The trade deficit weighed in at $8.90 billion in February, down from $9.84 billion in January but up from $6.57 billion posted a year ago.
Exports had a much better month and annual growth jumped from 4.3 percent to fully 17.5 percent. Excluding petroleum, non-gem exports were 20.2 percent above their level a year ago. Imports similarly picked up sharply, growth here reaching 21.8 percent after a 10.7 percent rate at the start of the year. However, much of the acceleration here was attributable to oil where purchases were up some 60.0 percent. Non-oil import growth was more subdued at 13.7 percent.
Overall, the trend in the trade balance looks to be moving in the right direction with the cumulative red ink over the first eleven months of the fiscal year sliding 24.0 percent to $95.3 billion from the same period a year ago.
The merchandise trade balance measures the difference between imports and exports of goods. The level of the international trade balance, as well as changes in exports and imports, indicate trends in foreign trade and can offer a guide to an economy's competitiveness. Alongside the merchandise data, exports and imports of services are also provided. The statistics, which are not seasonally adjusted, are reported in both local currency and U.S. dollars, the latter being the main market focus.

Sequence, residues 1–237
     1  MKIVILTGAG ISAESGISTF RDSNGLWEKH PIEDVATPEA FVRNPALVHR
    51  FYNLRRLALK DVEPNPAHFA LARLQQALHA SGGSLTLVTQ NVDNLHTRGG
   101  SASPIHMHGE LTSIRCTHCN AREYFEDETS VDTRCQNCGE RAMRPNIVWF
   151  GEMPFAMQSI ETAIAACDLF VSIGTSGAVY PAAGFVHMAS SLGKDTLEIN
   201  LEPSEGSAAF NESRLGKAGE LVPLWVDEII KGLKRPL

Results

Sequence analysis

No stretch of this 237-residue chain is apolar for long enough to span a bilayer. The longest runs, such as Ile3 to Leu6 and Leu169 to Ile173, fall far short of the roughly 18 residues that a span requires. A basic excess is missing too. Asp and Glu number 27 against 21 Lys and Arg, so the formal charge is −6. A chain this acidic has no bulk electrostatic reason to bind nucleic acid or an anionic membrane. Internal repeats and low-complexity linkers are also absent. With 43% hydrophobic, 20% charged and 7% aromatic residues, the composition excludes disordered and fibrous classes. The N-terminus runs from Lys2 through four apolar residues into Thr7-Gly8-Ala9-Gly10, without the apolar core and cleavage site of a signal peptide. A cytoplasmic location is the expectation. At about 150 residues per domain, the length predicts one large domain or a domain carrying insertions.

Changes in the level of imports and exports, along with the difference between the two (the trade balance) are a valuable gauge of economic trends here and abroad. While these trade figures can directly impact all financial markets, they primarily affect currency values in foreign exchange markets.
Imports indicate demand for foreign goods and services in India. Exports show the demand for Indian goods in countries overseas. The rupee can be particularly sensitive to changes in the trade deficit run by India, since the trade imbalance creates greater demand for foreign currencies. The bond market is also sensitive to the risk of importing inflation. Data are reported in US dollars and Indian rupees.